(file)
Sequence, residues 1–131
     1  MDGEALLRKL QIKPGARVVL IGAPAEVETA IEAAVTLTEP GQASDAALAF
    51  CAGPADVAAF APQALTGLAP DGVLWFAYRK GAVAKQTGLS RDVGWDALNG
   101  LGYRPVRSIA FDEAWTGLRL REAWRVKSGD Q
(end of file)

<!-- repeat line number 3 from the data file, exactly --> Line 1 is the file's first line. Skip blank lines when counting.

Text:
    51  CAGPADVAAF APQALTGLAP DGVLWFAYRK GAVAKQTGLS RDVGWDALNG